Natural climate change solutions highly effective in long term projections
Nature-based solutions (NbS) can contribute to the fight against climate change up to the end of our century, according to new Oxford research published in Nature. The analysis suggests that, to limit global temperature rise, we must slash emissions and increase NbS investment to protect, manage and restore ecosystems and land for the future.
The Oxford team found NbS measures, including the protection and large-scale restoration of eco-systems and improved land management, could cut peak global warming by between 0.1°C for a 1.5°C peak warming target, to 0.3°C for a 2.0°C peak warming target.
This would be achieved by removing as much as 10 gigatons of CO2 per year from 2025 onwards - more than the global transportation sector’s annual emissions, at a cost of less than US$100 per tonne of CO2.
Crucially, NbS could continue to cool the planet long after a peak temperature is reached. In the researchers’ best-case scenario, NbS can reduce global warming by a significant 0.1°C by 2055, and 0.4°C by 2100. But, it is estimated, only a tiny fraction of existing climate-mitigation financing is currently given to nature-based solutions.
According to the lead author Cécile A. J. Girardin, technical director of Oxford’s Nature Based Solutions Initiative, ‘The world must invest now in nature-based solutions that are ecologically sound, socially equitable, and designed to deliver multiple benefits to society over a century or more. Properly managed, the protection, restoration and sustainable management of our working lands could benefit many generations to come.’
Nature-based solutions work with nature to address societal challenges while providing benefits for both human well-being and biodiversity – and they have been made a key focus of November’s COP26 climate change conference in November.
Co-author Professor Yadvinder Malhi, Oxford Professor of Ecosystem Science, comments, ‘The more ambitious the climate target, the shorter the timeframe for such solutions to have an effect on peak warming.’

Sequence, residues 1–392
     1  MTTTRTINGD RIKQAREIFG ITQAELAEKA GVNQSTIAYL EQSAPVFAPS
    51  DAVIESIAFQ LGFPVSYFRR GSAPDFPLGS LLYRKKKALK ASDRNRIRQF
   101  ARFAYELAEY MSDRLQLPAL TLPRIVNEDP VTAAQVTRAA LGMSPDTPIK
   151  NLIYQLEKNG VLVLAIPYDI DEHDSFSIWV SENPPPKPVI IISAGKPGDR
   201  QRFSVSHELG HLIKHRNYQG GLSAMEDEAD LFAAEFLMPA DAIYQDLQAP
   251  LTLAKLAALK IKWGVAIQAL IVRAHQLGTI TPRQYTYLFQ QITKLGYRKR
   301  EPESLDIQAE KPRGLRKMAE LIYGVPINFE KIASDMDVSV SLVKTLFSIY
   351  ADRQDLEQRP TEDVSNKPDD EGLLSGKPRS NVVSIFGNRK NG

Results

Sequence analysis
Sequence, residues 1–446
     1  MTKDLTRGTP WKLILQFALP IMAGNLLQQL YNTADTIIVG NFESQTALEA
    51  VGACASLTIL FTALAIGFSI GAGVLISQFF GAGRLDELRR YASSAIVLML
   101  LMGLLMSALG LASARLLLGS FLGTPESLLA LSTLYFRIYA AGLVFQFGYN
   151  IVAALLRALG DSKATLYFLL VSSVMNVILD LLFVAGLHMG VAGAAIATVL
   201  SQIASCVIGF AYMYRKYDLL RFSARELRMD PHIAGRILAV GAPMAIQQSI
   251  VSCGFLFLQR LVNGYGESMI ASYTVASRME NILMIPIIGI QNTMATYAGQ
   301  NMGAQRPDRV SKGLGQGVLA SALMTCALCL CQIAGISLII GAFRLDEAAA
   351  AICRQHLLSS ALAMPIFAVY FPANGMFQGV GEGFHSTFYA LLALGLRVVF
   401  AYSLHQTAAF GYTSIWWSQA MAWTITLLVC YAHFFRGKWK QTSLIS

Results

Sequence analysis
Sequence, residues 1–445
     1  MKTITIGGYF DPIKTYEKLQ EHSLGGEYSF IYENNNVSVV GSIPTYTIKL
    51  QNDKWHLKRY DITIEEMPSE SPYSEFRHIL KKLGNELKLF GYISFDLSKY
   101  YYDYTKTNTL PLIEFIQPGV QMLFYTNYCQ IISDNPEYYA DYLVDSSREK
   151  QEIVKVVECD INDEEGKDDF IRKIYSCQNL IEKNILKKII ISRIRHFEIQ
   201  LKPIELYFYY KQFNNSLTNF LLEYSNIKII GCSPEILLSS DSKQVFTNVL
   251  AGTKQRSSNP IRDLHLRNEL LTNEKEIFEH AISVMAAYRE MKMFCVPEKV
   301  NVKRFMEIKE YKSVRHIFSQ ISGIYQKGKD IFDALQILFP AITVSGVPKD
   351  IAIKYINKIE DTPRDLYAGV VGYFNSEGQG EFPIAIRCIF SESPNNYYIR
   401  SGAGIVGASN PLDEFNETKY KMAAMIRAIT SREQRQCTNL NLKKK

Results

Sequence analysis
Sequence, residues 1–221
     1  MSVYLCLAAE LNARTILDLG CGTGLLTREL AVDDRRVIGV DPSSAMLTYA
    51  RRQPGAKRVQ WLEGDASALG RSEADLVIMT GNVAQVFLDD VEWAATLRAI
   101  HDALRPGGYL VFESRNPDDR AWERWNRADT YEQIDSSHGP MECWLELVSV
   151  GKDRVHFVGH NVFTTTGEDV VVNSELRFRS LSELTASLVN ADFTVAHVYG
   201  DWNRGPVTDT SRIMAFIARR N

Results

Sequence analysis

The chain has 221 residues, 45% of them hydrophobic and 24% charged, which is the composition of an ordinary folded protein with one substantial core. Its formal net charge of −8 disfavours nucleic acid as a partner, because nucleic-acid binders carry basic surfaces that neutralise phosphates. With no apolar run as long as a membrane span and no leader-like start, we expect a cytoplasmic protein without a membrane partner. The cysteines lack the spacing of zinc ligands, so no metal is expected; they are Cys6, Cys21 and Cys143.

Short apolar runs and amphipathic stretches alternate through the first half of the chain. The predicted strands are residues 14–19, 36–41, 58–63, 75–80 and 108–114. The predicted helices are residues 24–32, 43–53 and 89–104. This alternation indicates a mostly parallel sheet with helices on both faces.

Professor Myles Allen, adds, ‘Hence corporate claims of ambitious climate goals, but medium-term plans that rely on NbS as an alternative to reducing fossil fuel emissions, just don’t stack up.’
But, the report warns, if global warming is not held in check, wildfires and other ecological damage could lessen the effectiveness of nature-based solutions. Therefore, close attention must be paid to their long-term carbon sink potential and their impacts on biodiversity, equity and the United Nations’ Sustainable Development Goals. It also means global warming must continue to be limited through other ways, from decarbonisation to geological storage of CO2.
The authors call for increased investment combined with rigorous evaluation of activities undertaken, using metrics which consider the complex, long-term benefits that NbS provide.
‘An ambitious scaling-up of nature-based solutions needs to be implemented fast but also carefully, in a way that supports biodiversity and local people’s rights, while keeping fossil fuels in the ground,’ concludes co-author, Professor Nathalie Seddon, Founding Director of Oxford’s Nature-based Solutions Initiative.
Read the paper, published in Nature, here: https://www.nature.com/articles/d41586-021-01241-2